In terms of health, it’s not a bad thing to incorporate a little Veganism into the average diet. My hubby has had to abandon cheese due to a slightly elevated cholesterol level, and I’ve dutifully found a lot of great vegan cookie and cake recipes to meet hubby’s morning tea requirements. I do think red meat is beneficial for physiological development and don’t doubt that human evolution was propelled by the introduction of meat (but did we really need to have Sam Neill dance around with a monkey to highlight this point?). At the same time I agree that the modern man doesn’t have the same dietary requirements as his hunter-gatherer forefathers so easing up on meat makes sense to me.
I definitely won’t go into any of the full-blown arguments for veganism and other bioethical debates here. It’s well beyond my scope of knowledge. I’m also mindful that I may actually come across more as a fence-sitter than a sympathiser but if anything I’m just trying to suggest that it wouldn’t hurt if some vegan ideas rubbed off on the average person. If you respect your body then it makes perfect sense to respect the food that you take into it. There’s no need to shun animal products but some awareness of how some of the things we consume come to be wouldn’t be so bad either.
I’m looking at having a vegan/vegetarian day per week next year. Anyone else up for the challenge? :D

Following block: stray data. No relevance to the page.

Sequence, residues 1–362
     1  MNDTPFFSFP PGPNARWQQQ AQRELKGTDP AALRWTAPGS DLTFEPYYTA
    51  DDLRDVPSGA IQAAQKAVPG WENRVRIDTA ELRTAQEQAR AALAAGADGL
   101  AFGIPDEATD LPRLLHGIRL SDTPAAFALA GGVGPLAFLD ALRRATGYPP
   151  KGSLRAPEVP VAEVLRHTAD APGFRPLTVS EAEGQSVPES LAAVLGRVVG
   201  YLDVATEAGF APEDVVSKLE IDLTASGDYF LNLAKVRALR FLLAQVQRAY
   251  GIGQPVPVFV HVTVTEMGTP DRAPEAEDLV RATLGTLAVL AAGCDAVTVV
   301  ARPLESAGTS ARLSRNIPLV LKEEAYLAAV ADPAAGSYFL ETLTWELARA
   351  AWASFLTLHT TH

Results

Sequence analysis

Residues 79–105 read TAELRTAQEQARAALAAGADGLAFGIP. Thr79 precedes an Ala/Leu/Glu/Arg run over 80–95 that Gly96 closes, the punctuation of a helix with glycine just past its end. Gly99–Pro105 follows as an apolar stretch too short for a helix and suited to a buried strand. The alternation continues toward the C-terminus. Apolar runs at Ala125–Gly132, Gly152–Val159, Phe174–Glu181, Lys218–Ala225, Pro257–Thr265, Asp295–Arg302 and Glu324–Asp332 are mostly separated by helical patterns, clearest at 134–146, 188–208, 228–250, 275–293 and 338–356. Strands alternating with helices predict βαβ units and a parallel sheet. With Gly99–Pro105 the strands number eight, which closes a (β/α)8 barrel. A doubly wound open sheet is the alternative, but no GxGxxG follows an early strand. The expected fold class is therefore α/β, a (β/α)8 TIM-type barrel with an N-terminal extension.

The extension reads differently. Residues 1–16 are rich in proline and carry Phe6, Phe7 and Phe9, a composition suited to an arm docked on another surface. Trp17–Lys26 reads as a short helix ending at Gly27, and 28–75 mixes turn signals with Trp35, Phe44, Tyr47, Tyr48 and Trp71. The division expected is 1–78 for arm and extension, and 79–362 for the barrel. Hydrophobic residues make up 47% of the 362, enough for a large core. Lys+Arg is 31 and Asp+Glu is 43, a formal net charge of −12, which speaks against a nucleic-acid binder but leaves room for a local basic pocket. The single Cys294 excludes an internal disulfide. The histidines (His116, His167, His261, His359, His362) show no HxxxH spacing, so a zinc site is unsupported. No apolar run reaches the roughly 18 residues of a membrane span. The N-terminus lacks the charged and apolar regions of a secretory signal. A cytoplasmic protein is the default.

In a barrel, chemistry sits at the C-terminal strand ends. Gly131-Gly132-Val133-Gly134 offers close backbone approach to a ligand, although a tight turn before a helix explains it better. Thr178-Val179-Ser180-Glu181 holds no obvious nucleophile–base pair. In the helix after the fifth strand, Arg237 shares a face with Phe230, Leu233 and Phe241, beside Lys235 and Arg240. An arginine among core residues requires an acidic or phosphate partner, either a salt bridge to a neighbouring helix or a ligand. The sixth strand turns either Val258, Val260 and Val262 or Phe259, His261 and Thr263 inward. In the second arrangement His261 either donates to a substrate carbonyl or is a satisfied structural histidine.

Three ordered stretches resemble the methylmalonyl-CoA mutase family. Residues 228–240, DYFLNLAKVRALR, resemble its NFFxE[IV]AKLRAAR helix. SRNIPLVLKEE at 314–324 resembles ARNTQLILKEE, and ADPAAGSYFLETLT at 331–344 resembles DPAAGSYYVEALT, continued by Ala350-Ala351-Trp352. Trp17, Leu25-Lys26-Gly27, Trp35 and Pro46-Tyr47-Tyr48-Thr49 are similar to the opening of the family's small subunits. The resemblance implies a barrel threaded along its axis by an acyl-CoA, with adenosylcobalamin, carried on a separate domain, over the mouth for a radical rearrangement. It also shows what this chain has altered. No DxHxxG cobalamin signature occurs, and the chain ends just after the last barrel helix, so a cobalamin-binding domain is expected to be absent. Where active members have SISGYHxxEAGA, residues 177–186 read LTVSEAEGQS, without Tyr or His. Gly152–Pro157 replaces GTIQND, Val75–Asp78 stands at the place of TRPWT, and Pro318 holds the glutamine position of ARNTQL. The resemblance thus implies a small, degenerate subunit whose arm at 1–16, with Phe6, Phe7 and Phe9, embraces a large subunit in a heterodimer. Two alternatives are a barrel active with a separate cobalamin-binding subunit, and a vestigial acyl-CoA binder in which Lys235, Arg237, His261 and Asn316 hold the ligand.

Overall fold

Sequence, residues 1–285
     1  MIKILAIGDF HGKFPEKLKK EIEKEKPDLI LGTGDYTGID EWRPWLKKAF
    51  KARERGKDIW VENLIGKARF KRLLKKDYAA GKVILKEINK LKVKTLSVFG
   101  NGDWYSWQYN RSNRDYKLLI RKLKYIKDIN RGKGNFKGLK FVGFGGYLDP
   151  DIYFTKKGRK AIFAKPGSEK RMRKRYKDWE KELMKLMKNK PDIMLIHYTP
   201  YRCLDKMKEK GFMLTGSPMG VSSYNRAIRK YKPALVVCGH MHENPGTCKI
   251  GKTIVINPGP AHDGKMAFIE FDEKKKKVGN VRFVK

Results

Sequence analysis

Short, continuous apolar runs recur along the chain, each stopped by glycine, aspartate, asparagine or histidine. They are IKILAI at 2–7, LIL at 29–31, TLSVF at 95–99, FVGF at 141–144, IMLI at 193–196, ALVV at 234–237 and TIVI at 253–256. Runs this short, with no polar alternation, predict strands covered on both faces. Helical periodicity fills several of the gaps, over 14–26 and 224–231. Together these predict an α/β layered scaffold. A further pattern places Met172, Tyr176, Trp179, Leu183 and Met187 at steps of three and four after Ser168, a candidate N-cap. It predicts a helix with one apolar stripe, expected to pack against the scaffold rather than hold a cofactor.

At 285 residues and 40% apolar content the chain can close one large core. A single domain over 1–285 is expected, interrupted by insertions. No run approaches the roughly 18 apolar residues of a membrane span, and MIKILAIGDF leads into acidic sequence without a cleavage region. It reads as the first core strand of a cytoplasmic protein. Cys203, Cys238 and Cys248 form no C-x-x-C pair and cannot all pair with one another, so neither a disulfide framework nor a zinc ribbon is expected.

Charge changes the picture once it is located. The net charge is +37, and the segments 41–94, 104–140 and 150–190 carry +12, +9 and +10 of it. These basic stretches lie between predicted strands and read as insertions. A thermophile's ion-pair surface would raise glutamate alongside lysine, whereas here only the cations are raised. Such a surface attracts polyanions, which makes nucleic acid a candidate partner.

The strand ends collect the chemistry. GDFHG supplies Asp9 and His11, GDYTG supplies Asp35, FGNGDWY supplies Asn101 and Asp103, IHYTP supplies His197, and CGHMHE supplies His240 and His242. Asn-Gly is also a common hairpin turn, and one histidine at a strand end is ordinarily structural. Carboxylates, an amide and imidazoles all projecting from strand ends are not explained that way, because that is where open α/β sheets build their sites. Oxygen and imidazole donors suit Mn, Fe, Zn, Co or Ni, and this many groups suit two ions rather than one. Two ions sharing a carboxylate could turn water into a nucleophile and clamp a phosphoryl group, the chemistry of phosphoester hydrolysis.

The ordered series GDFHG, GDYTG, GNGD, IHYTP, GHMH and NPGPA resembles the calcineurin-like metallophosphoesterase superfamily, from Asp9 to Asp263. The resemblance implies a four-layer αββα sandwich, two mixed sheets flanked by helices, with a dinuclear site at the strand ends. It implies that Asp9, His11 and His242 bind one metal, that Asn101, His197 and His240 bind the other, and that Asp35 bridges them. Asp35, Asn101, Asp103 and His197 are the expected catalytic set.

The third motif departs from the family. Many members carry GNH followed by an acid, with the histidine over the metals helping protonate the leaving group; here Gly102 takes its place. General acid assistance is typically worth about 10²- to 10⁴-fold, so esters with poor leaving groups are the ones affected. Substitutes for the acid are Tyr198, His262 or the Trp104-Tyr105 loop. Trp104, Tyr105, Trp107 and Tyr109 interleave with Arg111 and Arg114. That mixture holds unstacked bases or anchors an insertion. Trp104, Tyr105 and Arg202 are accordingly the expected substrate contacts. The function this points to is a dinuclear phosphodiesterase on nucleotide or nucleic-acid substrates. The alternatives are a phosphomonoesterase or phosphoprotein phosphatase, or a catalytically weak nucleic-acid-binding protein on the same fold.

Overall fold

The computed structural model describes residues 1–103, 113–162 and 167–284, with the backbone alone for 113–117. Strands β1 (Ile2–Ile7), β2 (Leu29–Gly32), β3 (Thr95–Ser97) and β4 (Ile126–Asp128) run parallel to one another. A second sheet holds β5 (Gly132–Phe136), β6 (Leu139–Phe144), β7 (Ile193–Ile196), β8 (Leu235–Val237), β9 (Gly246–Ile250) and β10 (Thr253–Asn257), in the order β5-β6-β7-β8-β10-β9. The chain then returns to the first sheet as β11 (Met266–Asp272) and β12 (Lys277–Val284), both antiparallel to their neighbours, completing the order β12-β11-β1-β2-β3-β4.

Interesting things about Veganism
* I’m sure it’s no surprise to most people but honey is off-limits. Respect to all creatures great and small!
* I only recently found out through the awesome book Vegan Cookies Invade Your Cookie Jar that vegans need to be mindful of some sugars not being vegan. Some refined white sugars are processed with bone char to remove colour. Thankfully we don’t have to worry about it in Australia as Sugar Australia does not process this way.
* A fun debate to get into with vegans: Is roadkill OK for vegans to eat? :) If the idea that roadkill perished at the hand of humankind (ie – cars) puts this one out, I thought about the improbable (but quite possible) scenario of a bird of prey dropping a fresh kill while in flight. Can/would a vegan eat this? Discuss.
2 Comments for this entry
November 10th, 2010 on 10:05 pm
Interesting read, and I think I’m in a similar boat to you (a wooden boat, not some old school leather finished canoe). I quite often have vegetarian meals, and could pretty easily make sure they’re vegan by adjusting the sauces etc. but after doing a bit of research when doing vegan baking a few months back, I realised just how hard it is to be completely vegan! So many things use animal products. Even some vitamins are processed using them. I guess after a while it would become easier knowing what to avoid, but the whole Vegan Academy in Scott Pilgrim doesn’t see so crazy after all.